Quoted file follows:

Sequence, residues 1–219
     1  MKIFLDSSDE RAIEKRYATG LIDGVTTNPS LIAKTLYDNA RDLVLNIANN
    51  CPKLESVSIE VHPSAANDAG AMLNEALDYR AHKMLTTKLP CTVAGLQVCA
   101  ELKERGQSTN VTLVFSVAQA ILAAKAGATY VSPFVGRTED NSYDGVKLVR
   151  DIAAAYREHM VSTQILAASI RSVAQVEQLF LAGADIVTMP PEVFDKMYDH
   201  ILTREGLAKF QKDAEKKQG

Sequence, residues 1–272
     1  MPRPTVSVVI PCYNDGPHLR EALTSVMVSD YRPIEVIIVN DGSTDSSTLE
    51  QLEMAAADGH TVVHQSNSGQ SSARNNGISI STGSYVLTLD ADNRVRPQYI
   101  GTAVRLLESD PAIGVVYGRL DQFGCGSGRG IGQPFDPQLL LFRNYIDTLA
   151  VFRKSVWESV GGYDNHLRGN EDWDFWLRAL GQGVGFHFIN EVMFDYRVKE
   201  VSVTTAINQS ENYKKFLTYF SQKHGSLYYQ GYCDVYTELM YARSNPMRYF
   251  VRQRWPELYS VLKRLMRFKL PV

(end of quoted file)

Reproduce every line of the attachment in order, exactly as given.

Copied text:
Sequence, residues 1–219
     1  MKIFLDSSDE RAIEKRYATG LIDGVTTNPS LIAKTLYDNA RDLVLNIANN
    51  CPKLESVSIE VHPSAANDAG AMLNEALDYR AHKMLTTKLP CTVAGLQVCA
   101  ELKERGQSTN VTLVFSVAQA ILAAKAGATY VSPFVGRTED NSYDGVKLVR
   151  DIAAAYREHM VSTQILAASI RSVAQVEQLF LAGADIVTMP PEVFDKMYDH
   201  ILTREGLAKF QKDAEKKQG

Sequence, residues 1–272
     1  MPRPTVSVVI PCYNDGPHLR EALTSVMVSD YRPIEVIIVN DGSTDSSTLE
    51  QLEMAAADGH TVVHQSNSGQ SSARNNGISI STGSYVLTLD ADNRVRPQYI
   101  GTAVRLLESD PAIGVVYGRL DQFGCGSGRG IGQPFDPQLL LFRNYIDTLA
   151  VFRKSVWESV GGYDNHLRGN EDWDFWLRAL GQGVGFHFIN EVMFDYRVKE
   201  VSVTTAINQS ENYKKFLTYF SQKHGSLYYQ GYCDVYTELM YARSNPMRYF
   251  VRQRWPELYS VLKRLMRFKL PV